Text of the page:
By Hilary White

LONDON, January 8, 2008 ( – A baby girl born at 23 weeks gestation who was brought home recently by her mother, has re-opened the debate in the UK over the legal gestational age limit for abortion. Sarah Slater, the child’s mother, told media, “We’re so glad to have Lexie home with us at last and it just shows how outmoded our laws on abortion are.”

In an interview with the Daily Mail, Slater said, “Some mothers-to-be would be able to legally terminate their pregnancy at 23 weeks – yet my Lexie is living proof babies can survive being born so prematurely.” Under British abortion laws, a child who is deemed healthy can be killed by abortion at the request of the mother up to 24 weeks gestation. If the child is judged to be potentially disabled, she can be killed at any time up to full term.

After only 22 weeks gestation, Lexie Slater-Folksman weighed only 1 lb, 8 oz. at delivery and was cared for by neo-natal experts with treatments including laser surgery for her underdeveloped eyes and a respirator to help her breathe. Lexie is now five months old and is at home with her parents.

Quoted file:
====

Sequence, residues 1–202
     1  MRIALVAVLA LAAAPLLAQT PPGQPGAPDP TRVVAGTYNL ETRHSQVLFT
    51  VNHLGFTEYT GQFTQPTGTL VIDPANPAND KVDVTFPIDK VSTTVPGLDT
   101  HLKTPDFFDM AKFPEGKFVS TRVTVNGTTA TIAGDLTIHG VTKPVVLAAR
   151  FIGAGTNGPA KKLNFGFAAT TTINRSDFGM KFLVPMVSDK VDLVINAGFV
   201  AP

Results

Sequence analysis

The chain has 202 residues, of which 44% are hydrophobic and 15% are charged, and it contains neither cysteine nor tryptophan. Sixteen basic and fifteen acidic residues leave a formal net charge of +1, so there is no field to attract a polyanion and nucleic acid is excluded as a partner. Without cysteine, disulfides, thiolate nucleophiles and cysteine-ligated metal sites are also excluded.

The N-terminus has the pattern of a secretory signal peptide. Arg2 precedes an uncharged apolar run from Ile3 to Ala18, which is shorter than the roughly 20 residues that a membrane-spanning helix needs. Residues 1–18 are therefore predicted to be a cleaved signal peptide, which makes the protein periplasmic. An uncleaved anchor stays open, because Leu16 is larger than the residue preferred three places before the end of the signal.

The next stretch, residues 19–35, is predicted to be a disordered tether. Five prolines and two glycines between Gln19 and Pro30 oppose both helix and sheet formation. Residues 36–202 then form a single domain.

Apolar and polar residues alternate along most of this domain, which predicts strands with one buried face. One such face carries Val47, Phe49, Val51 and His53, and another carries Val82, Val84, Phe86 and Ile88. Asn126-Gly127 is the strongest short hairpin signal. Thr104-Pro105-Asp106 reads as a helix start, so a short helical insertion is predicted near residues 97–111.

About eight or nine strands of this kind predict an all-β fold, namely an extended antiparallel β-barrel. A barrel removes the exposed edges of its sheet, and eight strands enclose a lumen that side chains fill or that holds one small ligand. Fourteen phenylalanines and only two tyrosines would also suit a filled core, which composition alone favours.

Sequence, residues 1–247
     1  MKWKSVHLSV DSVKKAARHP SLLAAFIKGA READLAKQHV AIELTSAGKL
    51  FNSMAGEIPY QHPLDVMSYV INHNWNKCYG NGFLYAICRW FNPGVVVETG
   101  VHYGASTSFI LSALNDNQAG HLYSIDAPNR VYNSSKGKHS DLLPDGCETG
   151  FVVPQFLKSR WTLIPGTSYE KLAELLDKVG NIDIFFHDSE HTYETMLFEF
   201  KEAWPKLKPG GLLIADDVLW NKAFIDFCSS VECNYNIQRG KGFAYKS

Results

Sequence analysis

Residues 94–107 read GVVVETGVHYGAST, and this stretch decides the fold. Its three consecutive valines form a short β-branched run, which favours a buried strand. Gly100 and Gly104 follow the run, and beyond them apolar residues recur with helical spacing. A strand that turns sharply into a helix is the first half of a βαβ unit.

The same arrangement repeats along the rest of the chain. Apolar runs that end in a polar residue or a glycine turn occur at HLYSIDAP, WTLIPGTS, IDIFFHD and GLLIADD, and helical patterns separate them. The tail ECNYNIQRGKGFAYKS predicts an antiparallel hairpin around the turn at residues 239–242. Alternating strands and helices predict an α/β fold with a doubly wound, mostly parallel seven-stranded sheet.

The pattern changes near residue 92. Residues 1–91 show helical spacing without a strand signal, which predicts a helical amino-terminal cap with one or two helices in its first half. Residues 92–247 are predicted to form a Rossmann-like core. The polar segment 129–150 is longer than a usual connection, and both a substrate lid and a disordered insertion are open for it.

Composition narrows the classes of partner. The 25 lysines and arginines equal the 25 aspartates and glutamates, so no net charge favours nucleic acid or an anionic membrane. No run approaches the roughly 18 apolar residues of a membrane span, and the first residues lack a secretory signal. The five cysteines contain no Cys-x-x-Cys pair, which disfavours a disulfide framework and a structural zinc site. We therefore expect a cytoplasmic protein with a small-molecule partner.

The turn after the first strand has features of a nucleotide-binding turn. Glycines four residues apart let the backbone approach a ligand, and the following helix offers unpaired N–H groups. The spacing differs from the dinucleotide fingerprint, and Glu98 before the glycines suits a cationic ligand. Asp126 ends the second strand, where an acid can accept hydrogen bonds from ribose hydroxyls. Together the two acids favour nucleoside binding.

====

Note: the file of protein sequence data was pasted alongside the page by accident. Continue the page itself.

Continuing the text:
“I never realized a baby would be so well developed at 23 weeks and they do have a chance of life,” Slater continued.

Anthony Ozimic, political secretary of the Society for the Protection of Unborn Children (SPUC), told, “We welcome medical advances in saving both prematurely-born babies and unborn children, not least because the UN Convention on the Rights of the Child says that children need special care and protection both before and after birth.”

But Ozimic noted that the issue in law is not whether the age limit for abortion is too low or too high, but that unborn children of any age can be killed at will.

“From a political perspective,” Ozimic said, “it is important to note that the viability of unborn children should not be used as a guide for reforming the law on abortion, because all unborn children have a right to equal protection against abortion.”

While Lexie’s case is being presented as an argument for lowering the legal gestational age limit for abortion, SPUC has consistently argued that such efforts have backfired in the past to create an even worse legislative situation. A previous attempt resulted, through the addition of amendments in the House of Commons, in the removal of all restrictions on abortion for disabled children.


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